Did NIA spy on Zille?


The Ministry of State Security (MoSS) says it is confounded by news that Western Cape Premier Helen Zille thinks her phones are being tapped. Zille, also the leader of the Democratic Alliance, the largest Parliamentary opposition party in South Africa, insisted yesterday that her telephone calls were monitored by the former National Intelligence Agency (NIA) in 2008 when she was mayor of Cape Town.

The South African Press Association reports Zille Tuesday told the regional legislature that she and her husband had spoken to then-intelligence minister Ronnie Kasrils about the bugging of her phones at a meeting on February 14 2008. “On January 8, 2008 at 6.20 am, my husband Johann answered the phone on the desk in my study,” Zille said in a statement issued after the MoSS denial. “He heard the sound of tapes re-winding and clicking. He then heard a tape recording of conversations that I had had in the room. He made notes of the conversation that was played back on this recording.
“My husband and I made an appointment to see the then minister of national intelligence, Ronnie Kasrils on February 14, 2008.” Zille said Kasrils undertook to establish whether there had been any official directive to intercept her telephone conversations. “He reverted to us. He said there had been no official directive but he ‘could not guarantee’ that ‘rogue elements’ had not done so unilaterally and this would be almost impossible to establish.”

Zille said at roughly the same time, news had emerged and was emerging about the abuse of state institutions, including NIA, in the political battle between former president Thabo Mbeki and his political rival, Jacob Zuma.

This was followed by then premier Ebrahim Rasool establishing a commission of inquiry to investigate certain alleged unlawful activities in the City of Cape Town. “These allegations were primarily directed towards discrediting me and the Democratic Alliance,” Zille said. “During the course of this investigation, it emerged that the police had obtained a full record of every phone call I had made or received during the preceding months. I contacted my service provider and asked how it was possible that the police had this information. My service provider informed me that they had received an ‘order’ to release the information.
“I could not establish whether that order had emanated from the commission of inquiry, or from a judge [as required under the Regulation of Interception of Communications and Provision of Communication-Related Information Act 70 of 2002], but I made it absolutely clear to my service provider that they had acted unconstitutionally.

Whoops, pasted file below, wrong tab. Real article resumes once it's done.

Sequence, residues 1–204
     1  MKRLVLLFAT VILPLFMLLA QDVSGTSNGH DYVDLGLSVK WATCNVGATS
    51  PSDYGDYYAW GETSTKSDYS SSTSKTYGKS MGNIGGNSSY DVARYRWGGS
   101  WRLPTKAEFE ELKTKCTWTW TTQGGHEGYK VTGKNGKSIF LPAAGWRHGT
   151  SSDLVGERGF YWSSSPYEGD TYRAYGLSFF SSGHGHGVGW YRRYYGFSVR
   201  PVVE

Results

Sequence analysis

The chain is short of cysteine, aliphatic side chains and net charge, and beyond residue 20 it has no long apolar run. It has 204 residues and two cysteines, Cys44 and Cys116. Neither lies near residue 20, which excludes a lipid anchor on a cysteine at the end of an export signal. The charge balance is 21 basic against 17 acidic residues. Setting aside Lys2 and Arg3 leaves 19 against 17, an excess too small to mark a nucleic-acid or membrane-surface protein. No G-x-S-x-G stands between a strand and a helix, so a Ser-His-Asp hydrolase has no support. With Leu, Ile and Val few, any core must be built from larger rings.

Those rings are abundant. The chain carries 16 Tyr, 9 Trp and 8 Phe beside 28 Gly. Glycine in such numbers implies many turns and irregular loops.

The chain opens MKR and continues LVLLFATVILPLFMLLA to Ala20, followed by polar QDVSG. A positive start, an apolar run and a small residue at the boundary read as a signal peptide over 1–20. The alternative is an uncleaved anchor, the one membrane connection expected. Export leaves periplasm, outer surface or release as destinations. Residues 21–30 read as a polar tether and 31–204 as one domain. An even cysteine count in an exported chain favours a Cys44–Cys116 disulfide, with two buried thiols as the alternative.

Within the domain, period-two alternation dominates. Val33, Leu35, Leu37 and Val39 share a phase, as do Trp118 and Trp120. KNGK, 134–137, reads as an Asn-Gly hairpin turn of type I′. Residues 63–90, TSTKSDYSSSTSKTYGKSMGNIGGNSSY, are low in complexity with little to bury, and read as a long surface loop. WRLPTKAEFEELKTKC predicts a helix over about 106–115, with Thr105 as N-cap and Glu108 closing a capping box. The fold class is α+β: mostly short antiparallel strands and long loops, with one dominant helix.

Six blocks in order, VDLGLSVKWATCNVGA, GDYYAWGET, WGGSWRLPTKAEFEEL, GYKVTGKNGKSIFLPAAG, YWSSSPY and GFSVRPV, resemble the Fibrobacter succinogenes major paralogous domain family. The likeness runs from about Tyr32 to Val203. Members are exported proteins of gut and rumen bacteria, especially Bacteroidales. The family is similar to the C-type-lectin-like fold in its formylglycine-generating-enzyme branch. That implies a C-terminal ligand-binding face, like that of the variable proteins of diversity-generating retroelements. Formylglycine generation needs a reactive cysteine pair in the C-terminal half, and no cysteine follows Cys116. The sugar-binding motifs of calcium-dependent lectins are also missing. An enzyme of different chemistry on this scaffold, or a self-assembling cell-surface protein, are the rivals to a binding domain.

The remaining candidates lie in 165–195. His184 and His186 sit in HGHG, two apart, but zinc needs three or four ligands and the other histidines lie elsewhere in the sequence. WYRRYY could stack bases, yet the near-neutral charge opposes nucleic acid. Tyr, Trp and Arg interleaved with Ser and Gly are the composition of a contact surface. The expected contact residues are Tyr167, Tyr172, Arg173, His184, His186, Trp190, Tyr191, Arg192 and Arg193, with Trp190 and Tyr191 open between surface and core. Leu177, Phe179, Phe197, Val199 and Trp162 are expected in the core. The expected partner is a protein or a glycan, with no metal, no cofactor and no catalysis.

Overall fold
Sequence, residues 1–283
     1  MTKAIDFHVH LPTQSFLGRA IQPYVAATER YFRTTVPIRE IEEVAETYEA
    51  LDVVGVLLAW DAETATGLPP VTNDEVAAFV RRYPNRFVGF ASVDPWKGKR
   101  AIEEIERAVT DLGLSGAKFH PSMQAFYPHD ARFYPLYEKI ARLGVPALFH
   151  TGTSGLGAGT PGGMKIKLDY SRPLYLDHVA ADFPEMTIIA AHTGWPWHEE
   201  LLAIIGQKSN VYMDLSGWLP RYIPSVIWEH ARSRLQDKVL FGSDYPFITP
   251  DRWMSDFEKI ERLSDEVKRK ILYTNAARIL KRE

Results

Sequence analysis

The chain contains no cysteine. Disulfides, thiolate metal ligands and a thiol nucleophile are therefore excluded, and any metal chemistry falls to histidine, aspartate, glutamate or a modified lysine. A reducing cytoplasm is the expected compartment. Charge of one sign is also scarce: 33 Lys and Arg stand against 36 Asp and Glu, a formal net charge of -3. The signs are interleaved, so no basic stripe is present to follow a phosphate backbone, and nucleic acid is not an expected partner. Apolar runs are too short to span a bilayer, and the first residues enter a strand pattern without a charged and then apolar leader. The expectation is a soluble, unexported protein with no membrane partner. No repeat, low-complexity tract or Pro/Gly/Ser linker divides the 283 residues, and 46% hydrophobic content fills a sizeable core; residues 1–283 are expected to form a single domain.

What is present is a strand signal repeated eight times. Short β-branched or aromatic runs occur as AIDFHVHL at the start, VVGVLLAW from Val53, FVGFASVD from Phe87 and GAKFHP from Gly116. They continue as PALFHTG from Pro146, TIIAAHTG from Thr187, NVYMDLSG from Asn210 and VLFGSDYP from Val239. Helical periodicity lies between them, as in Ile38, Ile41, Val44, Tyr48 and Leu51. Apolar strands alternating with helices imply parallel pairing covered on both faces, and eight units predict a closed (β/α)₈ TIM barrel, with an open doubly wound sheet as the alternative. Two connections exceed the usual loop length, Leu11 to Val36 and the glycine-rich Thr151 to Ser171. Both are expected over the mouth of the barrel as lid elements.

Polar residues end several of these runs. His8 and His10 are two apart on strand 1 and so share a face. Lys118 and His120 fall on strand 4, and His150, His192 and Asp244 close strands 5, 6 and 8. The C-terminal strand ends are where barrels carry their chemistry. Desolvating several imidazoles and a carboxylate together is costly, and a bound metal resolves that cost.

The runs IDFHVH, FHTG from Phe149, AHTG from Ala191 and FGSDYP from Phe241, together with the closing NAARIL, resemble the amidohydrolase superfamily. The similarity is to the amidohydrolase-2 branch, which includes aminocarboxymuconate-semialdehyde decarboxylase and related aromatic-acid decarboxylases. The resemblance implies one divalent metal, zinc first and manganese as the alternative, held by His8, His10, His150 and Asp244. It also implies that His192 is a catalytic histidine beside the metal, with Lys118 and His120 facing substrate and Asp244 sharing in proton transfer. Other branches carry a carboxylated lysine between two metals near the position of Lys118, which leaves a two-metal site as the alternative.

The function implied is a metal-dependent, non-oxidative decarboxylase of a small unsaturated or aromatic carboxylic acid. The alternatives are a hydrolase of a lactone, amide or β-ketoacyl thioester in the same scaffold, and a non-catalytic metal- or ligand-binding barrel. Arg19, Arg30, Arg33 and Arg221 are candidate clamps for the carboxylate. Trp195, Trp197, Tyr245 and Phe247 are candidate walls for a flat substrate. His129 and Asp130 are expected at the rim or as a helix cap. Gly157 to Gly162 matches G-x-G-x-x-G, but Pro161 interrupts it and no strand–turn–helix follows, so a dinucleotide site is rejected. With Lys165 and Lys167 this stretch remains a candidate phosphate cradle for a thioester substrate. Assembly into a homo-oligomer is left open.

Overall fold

The commission of inquiry was later declared “unlawful” by a High Court as it was “politically motivated”, SAPA added. “I believed that the monitoring of my calls, both on cell and landline, was part of a politically motivated strategy against me,” Zille said.

Zille said her cabinet had a meeting with representatives of the State Security Agency (SSA), the NIA-sucessor, in the Western Cape after she became premier in 2009. “I asked the SSA representatives for an assurance that neither myself nor other members of the Cabinet ‘were or are’ under any form of surveillance.” The director general of the province then wrote a letter to the director general of the national SSA, asking whether any person in the “Western Cape Provincial Cabinet is under surveillance” by the NIA. The DG, said Zille, received no reply to this letter. “I have on several occasions followed up with the Western Cape representatives of the SSA. They have verbally assured me that they have not issued instructions for any such surveillance but they have declined to give us this assurance in writing. ”

Earlier yesterday the MoSS denied that it was monitoring Zille’s telephone calls. “…Zille’s claims that the NIA was monitoring her calls are not true,” spokesman Brian Dube said in a statement.
“We are very saddened by such claims coming from her given that our Western Cape office works very closely with her office, providing intelligence products to support the work of government,” Dube said.

Dube added Zille’s claims were based on party politics not facts.

The Times newspaper separately reports that n an interview with presenter Aden Thomas on 567 Cape Talk radio yesterday, Zille said she has an affidavit signed by a police officer who admitted that she had been assigned to monitor all Zille’s phone conversations from an office in Bonteheuwel for two years. Zille said she believed monitoring her calls was part of a “politically motivated strategy against me”.